... joined them, a man name Colter, so fascinated by the life of the wilderness that he was not willing to leave it, even for a moment's glimpse of the civilization, from which he had been so long exiled. [Footnote: For Colter, and the first explorers of this region, see "The Yellowstone National Park," by Captain H. M. Chittenden.] The three turned their canoe up-stream, while Lewis and Clark and the rest of the party ...
— The Winning of the West, Volume Four - Louisiana and the Northwest, 1791-1807 • Theodore Roosevelt

... think where," said the young man, who had not the least idea that the well-dressed boy before him was the boot-black who had brushed his boots near the Park railings the Monday previous. Dick did not think proper to enlighten him. He was not ashamed of his past occupation; but it was past, and he wanted to be valued for what he might become, not ...
— Fame and Fortune - or, The Progress of Richard Hunter • Horatio Alger, Jr.

... was a tiny boy, so he answered, 'You'll not live to see me locked up, Mr Howroyd—not for furious driving in the public road; though I'll not deny that I did put on speed the day missie speaks of, going through the park.' ...
— Sarah's School Friend • May Baldwin

... plain, simple equipage stood at the gate of the new park in Potsdam. The king and the Marquis D'Argens entered the carriage alone. Frederick refused all other attendance; even his servants were forbidden to ...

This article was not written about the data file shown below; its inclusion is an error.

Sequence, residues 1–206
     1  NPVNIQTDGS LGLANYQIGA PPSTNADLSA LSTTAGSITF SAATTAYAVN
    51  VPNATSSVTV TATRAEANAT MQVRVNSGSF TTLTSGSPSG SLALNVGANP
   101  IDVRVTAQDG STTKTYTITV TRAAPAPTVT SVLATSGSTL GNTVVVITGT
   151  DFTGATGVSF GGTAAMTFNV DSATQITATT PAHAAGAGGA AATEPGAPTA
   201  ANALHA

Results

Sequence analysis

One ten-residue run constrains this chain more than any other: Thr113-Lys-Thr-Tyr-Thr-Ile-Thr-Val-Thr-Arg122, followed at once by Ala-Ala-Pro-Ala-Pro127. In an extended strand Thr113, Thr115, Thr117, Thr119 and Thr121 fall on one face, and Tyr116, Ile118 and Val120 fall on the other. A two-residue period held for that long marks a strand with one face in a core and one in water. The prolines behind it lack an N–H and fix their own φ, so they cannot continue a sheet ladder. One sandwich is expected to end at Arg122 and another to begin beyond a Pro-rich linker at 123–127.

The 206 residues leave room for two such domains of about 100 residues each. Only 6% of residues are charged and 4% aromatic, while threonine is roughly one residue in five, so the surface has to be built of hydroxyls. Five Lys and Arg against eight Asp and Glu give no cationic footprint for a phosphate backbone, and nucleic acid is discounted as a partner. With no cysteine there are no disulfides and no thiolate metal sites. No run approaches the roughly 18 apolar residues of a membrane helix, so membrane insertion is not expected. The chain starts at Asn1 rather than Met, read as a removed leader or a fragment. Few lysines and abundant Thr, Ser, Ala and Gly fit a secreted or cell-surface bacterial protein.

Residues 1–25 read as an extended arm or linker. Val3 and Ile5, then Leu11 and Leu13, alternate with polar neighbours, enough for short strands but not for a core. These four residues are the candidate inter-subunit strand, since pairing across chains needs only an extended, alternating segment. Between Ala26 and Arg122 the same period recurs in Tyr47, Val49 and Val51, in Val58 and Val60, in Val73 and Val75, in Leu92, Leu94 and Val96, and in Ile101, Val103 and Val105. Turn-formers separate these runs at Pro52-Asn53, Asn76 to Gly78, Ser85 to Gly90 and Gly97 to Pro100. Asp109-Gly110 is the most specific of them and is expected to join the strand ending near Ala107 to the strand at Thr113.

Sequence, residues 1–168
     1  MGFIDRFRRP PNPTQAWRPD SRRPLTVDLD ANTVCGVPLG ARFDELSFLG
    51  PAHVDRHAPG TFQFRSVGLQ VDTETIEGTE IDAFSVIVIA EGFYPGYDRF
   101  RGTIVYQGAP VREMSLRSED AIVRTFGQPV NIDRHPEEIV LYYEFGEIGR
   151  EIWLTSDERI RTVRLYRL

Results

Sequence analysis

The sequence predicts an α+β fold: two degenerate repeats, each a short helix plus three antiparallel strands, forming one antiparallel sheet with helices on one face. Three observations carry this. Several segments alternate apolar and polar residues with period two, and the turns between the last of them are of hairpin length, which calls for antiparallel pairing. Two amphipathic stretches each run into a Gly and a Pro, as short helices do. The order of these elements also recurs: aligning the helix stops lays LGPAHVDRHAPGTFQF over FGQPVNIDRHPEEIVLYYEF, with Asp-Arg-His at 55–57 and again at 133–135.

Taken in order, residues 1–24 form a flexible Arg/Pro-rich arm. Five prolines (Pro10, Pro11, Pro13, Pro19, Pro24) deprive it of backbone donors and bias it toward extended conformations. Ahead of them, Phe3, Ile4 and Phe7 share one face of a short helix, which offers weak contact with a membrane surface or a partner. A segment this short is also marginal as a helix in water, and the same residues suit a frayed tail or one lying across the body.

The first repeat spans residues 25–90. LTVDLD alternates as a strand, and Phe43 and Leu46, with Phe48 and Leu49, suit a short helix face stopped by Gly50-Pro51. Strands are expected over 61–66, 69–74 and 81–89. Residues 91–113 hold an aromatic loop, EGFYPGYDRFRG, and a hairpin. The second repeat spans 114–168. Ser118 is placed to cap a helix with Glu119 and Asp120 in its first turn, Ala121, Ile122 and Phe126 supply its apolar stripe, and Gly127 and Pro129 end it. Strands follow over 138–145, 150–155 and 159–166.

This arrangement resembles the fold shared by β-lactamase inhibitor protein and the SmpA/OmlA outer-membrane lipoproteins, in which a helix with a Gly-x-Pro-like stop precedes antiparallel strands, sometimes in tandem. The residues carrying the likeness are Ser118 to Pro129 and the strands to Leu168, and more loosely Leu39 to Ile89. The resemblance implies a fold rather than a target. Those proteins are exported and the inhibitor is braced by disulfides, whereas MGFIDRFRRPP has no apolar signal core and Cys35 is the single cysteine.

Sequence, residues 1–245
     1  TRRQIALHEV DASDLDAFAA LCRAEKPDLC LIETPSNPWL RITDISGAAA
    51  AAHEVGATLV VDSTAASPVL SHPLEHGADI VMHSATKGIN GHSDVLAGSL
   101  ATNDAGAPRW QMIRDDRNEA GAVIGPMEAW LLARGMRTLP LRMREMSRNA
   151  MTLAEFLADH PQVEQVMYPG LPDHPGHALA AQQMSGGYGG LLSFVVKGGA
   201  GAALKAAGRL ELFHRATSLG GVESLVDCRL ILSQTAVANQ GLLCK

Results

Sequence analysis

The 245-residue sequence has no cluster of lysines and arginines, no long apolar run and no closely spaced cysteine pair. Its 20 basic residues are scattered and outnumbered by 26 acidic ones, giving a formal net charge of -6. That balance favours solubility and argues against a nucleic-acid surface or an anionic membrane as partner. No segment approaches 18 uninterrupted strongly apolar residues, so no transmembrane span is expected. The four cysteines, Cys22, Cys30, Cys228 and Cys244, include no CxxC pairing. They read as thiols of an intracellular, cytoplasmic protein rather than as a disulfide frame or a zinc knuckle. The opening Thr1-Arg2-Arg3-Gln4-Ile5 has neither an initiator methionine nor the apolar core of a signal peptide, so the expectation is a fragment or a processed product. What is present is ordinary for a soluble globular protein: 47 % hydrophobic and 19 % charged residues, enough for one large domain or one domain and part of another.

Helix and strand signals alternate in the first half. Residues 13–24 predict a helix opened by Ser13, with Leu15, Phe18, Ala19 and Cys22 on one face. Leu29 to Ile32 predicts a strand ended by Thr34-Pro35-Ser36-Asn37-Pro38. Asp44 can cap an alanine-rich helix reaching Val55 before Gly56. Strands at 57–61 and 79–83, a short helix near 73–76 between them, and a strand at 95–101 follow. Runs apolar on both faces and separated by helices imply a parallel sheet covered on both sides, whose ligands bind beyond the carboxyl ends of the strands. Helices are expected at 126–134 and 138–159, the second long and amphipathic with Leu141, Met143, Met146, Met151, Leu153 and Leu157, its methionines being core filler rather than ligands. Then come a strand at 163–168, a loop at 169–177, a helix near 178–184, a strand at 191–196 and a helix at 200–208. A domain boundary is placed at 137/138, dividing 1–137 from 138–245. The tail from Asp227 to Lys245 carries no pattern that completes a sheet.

— Berlin and Sans-Souci • Louise Muhlbach

... valuables were open to the public, under certain restrictions, during "the season." Mr. Hope likewise possessed one of the most delightful estates in the county of Surrey—viz. the Deepdene, near Dorking, to which he annexed Chart Park, purchased from the devisees of the late Sir Charles Talbot, Bart. On the last-mentioned estate is a spacious mausoleum, erected by Mr. Hope about thirteen years since, and capable of containing upwards of ...
— The Mirror of Literature, Amusement, and Instruction - Volume 17, No. 476, Saturday, February 12, 1831 • Various

... upper haze, and the golden Diana above Manhattan turned flame color, and the electric lights began to glimmer along Fifth Avenue, and the first faint scent of the young summer freshened the foliage in square and park, Kerns, stopping at the club for a moment, found Gatewood seated at the same window they both were wont to haunt in earlier and ...